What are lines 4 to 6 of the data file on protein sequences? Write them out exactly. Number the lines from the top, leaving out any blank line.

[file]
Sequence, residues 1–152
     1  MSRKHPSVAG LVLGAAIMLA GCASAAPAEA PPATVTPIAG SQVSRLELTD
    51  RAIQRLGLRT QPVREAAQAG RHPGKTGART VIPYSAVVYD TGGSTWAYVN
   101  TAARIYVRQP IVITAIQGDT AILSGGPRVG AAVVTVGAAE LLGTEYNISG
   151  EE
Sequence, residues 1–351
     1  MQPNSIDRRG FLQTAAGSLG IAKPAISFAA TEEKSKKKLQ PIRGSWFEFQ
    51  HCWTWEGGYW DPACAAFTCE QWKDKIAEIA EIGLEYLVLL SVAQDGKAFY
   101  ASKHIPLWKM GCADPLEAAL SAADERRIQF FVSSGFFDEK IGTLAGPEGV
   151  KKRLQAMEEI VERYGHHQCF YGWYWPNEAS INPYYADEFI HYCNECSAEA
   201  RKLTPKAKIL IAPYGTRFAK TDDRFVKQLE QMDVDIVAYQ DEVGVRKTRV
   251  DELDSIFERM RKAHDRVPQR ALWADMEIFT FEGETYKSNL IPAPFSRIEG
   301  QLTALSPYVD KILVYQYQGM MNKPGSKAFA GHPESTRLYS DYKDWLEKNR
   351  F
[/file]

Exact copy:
   101  TAARIYVRQP IVITAIQGDT AILSGGPRVG AAVVTVGAAE LLGTEYNISG
   151  EE
Sequence, residues 1–351